Real Capital Solutions Pays $95M for Jacksonville HQ
The newly completed building serves as the headquarters for the city’s electric utility.
The JEA headquarters building in Jacksonville, Fla., newly developed at a cost of approximately $72 million, has come under new ownership. Ryan Cos., developer of the 153,000-square-foot tower, sold the asset to Real Capital Solutions in a transaction valued at just under $95 million, according to Duval County property records.
The office sector may not be the investment community’s darling right now, operating in the shadows of a robust industrial sector, but premier office assets still attract eager buyers. “We received considerable interest in the building and decided Real Capital Solutions would be a great partner for the JEA headquarters,” Doug Dieck, president of the Southeast Region with Ryan Cos, told Commercial Property Executive.
The JEA headquarters building stands at 225 Pearl St. in Jacksonville’s central business district and holds the distinction of being the first new-build office tower to sprout up in the city’s downtown core in nearly 10 years. Having acquired the 1.5-acre site for $2.6 million in 2019, Ryan commenced the development of the seven-story structure as a build-to-suit for the not-for-profit utility in 2020, relying on the assistance of $62.9 million in construction financing from Wells Fargo. The company topped out the building in April 2021.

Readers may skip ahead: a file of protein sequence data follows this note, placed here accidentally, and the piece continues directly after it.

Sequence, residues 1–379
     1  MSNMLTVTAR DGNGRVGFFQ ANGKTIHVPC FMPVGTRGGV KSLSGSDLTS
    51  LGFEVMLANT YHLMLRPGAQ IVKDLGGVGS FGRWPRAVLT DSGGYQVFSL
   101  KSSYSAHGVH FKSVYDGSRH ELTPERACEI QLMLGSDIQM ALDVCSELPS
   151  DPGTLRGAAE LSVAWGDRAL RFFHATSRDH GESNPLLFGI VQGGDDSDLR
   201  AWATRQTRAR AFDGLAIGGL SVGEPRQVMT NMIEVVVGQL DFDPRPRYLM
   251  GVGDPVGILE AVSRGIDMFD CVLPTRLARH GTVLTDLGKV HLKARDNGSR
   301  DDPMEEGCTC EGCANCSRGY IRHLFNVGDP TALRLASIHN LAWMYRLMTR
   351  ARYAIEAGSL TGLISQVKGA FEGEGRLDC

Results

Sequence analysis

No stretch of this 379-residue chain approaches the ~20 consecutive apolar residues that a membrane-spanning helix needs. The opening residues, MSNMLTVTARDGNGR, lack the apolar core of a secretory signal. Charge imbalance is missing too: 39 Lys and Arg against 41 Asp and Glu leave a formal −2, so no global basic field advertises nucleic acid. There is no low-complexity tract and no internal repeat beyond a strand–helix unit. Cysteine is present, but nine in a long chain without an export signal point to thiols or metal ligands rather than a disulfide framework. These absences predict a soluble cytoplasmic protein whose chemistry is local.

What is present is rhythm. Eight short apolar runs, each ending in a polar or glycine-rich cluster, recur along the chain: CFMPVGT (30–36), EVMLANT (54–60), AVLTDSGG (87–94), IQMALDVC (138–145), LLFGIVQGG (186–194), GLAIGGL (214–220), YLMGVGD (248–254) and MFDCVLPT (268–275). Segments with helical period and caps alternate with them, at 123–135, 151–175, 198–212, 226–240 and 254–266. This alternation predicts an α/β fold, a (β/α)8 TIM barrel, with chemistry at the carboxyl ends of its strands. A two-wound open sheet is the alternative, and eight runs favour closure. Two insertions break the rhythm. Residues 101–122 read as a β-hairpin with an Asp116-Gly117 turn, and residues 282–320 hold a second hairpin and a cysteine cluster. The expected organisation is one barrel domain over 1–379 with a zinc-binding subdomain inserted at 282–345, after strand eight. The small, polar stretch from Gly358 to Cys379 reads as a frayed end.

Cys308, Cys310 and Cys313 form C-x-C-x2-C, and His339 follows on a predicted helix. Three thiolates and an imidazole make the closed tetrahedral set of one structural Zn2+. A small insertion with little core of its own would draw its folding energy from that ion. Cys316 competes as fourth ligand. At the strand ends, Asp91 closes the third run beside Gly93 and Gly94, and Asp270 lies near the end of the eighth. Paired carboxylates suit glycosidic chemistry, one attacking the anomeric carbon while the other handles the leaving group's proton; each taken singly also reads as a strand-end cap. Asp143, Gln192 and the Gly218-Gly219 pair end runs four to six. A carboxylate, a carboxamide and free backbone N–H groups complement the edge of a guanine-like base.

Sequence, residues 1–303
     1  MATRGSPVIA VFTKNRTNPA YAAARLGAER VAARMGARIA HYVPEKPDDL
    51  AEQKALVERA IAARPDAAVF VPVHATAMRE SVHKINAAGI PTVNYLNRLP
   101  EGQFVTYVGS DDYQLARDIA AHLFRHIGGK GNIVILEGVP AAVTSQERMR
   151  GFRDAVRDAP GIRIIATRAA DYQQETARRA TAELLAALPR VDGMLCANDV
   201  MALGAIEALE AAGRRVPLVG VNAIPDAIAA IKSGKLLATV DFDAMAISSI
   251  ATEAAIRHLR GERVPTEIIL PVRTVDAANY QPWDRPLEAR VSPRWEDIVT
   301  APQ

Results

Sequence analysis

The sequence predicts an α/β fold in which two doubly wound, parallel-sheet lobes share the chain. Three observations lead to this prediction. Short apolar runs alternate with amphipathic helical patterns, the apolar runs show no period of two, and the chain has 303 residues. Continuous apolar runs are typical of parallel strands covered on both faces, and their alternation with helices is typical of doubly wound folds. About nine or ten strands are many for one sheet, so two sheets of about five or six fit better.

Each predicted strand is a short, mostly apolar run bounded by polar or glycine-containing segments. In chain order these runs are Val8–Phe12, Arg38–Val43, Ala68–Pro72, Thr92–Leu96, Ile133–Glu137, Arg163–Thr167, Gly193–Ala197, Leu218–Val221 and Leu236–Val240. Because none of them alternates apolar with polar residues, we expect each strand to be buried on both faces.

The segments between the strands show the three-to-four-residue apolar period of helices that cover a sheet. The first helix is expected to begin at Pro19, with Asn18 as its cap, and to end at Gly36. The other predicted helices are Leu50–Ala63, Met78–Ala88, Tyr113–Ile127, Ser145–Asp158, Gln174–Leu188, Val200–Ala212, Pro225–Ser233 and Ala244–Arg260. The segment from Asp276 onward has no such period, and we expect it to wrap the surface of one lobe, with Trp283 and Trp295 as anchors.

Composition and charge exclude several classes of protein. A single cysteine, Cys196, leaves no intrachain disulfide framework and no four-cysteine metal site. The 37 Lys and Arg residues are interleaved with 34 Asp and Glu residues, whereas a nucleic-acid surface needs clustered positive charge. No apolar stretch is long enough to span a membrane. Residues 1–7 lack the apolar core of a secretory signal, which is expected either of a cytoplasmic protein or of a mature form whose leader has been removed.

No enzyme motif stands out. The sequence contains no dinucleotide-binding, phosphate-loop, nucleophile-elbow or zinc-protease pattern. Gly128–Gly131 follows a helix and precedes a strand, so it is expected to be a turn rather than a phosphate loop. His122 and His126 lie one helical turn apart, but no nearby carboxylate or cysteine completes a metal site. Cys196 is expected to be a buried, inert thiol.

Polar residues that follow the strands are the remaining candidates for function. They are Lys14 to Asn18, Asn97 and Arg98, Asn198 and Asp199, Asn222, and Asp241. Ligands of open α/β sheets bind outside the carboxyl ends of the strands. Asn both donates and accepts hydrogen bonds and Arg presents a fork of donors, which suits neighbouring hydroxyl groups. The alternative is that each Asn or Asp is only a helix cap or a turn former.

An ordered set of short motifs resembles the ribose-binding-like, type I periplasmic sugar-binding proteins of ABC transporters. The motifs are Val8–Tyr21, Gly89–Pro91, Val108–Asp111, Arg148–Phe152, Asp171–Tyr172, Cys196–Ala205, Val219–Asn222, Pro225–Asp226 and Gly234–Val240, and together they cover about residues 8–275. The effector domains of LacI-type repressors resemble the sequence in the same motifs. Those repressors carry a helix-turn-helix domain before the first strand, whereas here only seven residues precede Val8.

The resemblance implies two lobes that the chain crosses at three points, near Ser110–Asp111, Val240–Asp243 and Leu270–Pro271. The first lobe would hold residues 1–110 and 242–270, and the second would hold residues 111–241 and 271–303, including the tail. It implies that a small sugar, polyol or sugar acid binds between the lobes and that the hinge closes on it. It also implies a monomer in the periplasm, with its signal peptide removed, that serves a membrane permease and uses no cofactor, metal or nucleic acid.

JEA’s home has multiple workspaces that foster employee collaboration, outdoor spaces, approximately 10,000 square feet of activated ground-level retail space and an adjacent 657-space parking facility. The headquarters is also highly sustainable, having been built to qualify for LEED Gold certification.
State of the sector
The sale of the JEA headquarters building at roughly $620 per square foot speaks to the property’s quality and key location, as the average sale price for office assets in metropolitan Jacksonville in the third quarter was approximately $160 per square foot, according to a report by Colliers. Pricing guidance and expectations are at odds in Jacksonville—and elsewhere.
“The national office sector cycles just like all types of real estate. Real estate values are sensitive to interest rates, and we are in a rising interest rate environment,” Dieck noted. “Office properties with great amenities inside the building and in the adjacent surrounds will continue to attract great tenants. Since the COVID-19 pandemic, suburban office buildings have seen rising vacancy. Like most cycles, 2023 will be a case of the haves and have-nots when it comes to specific buildings.”
JEA plans to move into its new home at 225 Pearl St. in phases over the next few months. Ryan will retain a relationship with the building, having signed on to serve as property manager on behalf of the new ownership.